Coming up in the next couple of days I will be showcasing a new project involving fabric and my abandonment photography, so please check back!

Friday, November 11, 2011

Feedsack Uses

You know the saying, "No matter where I roam; there is no place like home."

My mantra is slightly similar, though it doesn't rhyme, "No matter what I sell; there's still nothing like feedsacks."

It's no secret that I love feedsacks.  I adore their history.

I love the variety of feedsacks/flour sacks still in the vintage marketplace such as these that are in my personal collection:


The colors are still vibrant on this Beauty Bake Flour sack.



Once a flour sack, it now can turn into a pillow case!


This particular piece has the design for someone to finish by cross-stitching and then sewing up the case. The next one in my collection already has the design printed in color:



Just soak off the product sticker and you have a pillow case just ready to be sewn!


The two sacks above are a bit more commonplace, so you can only imagine my thrill when I found remnants of an old stamped feedsack at the bottom of a box full of quilting material.


It's rare for the stamping to have survived all these years since any contact with fluid will erase the stamp.




The sack has been cut all around the stamped design with the owner perhaps sewing up a baby's dress or even blocks for a quilt.  The ingenuity of the women continues to impress me.

In the same box, I found these two quilt blocks with the quilt pieces still pinned to each block.  The woman cut out the pieces in whatever was closest to her at the time; Sunday comics and lined stationary.


She used a delightful feedsack fabric for the butterfly quilt block.


This quilt block is just so sweet.



I listed the quilt blocks in my Etsy shop, if you are interested.  Please click HERE.              


There are so many things to love about collecting vintage items whether they are housewares, clothing or primitives.  But time and again, I find myself most enthralled with vintage fabric, especially feedsacks. I hope my love of feedsacks is passed along to you, as well.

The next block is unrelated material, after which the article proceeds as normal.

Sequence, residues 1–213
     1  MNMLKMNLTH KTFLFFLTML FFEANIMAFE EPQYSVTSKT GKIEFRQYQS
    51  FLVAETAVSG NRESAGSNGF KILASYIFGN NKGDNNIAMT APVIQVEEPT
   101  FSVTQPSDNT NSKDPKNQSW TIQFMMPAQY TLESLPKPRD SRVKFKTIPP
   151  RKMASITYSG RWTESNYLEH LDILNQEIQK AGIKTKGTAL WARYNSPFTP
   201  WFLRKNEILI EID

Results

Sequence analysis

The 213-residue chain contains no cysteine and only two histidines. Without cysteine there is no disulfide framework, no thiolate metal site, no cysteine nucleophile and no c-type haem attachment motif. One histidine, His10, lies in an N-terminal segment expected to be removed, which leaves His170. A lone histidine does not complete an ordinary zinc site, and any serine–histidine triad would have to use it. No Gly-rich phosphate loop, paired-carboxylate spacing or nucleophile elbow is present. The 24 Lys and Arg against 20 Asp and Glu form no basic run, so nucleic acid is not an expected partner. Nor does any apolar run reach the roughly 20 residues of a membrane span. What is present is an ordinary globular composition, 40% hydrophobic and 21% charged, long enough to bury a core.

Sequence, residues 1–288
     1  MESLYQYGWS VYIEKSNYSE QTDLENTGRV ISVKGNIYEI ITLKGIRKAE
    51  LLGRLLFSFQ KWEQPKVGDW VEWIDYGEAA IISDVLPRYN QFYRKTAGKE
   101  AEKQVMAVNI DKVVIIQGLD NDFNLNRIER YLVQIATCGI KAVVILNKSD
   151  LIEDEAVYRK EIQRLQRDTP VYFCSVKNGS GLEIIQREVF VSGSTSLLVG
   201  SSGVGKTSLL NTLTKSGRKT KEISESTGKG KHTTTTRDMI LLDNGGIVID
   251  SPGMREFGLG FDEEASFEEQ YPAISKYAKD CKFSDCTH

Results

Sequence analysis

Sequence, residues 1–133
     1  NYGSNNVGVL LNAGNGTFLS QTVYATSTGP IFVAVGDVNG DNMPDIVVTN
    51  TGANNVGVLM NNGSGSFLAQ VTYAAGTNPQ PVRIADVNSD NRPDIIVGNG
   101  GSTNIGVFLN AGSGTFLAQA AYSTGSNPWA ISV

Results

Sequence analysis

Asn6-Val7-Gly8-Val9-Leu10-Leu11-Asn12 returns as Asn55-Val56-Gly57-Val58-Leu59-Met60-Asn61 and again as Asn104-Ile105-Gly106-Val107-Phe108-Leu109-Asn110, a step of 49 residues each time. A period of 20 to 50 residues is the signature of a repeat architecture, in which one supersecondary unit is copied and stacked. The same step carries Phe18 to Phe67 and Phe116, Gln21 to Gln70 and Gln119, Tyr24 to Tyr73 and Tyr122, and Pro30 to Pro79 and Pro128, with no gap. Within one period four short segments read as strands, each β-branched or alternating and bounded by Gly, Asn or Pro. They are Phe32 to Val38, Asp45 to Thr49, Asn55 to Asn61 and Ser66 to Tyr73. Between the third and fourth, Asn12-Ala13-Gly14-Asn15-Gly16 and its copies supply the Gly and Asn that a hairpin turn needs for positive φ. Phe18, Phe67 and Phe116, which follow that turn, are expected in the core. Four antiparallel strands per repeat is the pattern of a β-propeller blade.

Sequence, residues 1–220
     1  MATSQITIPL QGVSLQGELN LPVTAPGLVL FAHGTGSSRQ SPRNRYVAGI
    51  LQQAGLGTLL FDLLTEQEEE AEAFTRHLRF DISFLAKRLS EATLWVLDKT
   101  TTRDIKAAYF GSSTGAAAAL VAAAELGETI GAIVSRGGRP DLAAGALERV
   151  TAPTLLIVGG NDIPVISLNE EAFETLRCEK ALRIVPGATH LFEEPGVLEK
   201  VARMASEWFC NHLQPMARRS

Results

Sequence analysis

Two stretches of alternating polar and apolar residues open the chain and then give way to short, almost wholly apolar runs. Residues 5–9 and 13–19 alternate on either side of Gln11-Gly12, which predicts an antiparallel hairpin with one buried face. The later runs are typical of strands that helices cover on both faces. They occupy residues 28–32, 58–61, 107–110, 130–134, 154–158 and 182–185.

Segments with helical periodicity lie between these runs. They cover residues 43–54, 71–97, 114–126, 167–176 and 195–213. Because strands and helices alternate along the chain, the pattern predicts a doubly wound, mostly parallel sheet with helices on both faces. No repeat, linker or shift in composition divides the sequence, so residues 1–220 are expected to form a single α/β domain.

Wednesday, November 9, 2011

Victorian Era Lace Sash

While in Emma, Missouri, I picked up a storage container full of odds and ends including antique lace still on the bolt, as well as vintage baby clothes and such.  Near the bottom of the box, I noticed an antique lace sash.


 It is in beautiful condition with rolls of exquisite cream-colored lace and pink ribbon.  The sash comes from a time of beautiful Edwardian fashion:





The auction listing for the sash is here.

If you enjoy that period of time, you will probably find this video to be most pleasing (turn up your speakers):

Tuesday, November 8, 2011

Just One More Sale. I Promise.

I said to myself and others that last weekend would be my last weekend of sales so that I could take the time to really concentrate on listing items for the upcoming holiday gift-giving season.  It was a fantastic plan until the auctioneer on Sunday told me about his auction this upcoming Sunday that is full of primitives and unusual antiques, soooooooo, I am eating my words and will allocate Sunday as the LAST sale this season because one look at the calendar, and I have a lot of work to do if I want to list auctions and add to my shop on Etsy.

So with that explanation behind me, I will leave you with some photographs taken on my recent auction excursions.









Please excuse the small lapse of new blog posts while I concentrate on preparing for the Christmas season!

Tuesday, November 1, 2011

Windmill on Main


Shouldn't every town have a windmill in the center of Main Street?


And if every town had a windmill in the center of Main Street with 3 levels of flower boxes including blooming seasonal plantings, wouldn't that be even better?


And if every town had a windmill on Main Street with 3 levels of flower boxes, then a brisk wind should also be included so that every single person visiting would be visually awed by the twirling of the windmill and leaves flying through the air.

It's the simple things in life, really.

- - -
Blackwater, Missouri

By the way, if you happen to love windmills like I do, have you checked out a few of my windmill photographs on Etsy?